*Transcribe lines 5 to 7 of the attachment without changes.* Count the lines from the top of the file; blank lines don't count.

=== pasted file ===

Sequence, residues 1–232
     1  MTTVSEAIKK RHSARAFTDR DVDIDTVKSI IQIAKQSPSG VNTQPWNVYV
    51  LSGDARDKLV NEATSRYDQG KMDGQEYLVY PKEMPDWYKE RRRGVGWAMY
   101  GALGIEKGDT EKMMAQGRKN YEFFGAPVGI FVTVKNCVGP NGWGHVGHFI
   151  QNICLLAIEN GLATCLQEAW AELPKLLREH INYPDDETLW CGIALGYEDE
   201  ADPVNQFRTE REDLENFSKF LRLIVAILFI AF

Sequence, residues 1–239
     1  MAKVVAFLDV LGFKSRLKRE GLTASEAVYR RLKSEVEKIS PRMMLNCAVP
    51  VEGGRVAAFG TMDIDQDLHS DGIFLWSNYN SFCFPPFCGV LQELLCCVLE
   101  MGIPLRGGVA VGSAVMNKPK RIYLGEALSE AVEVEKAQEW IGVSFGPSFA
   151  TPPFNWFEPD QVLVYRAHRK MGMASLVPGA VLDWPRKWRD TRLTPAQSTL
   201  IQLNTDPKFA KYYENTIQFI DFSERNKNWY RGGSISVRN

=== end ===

   151  QNICLLAIEN GLATCLQEAW AELPKLLREH INYPDDETLW CGIALGYEDE
   201  ADPVNQFRTE REDLENFSKF LRLIVAILFI AF

Sequence, residues 1–239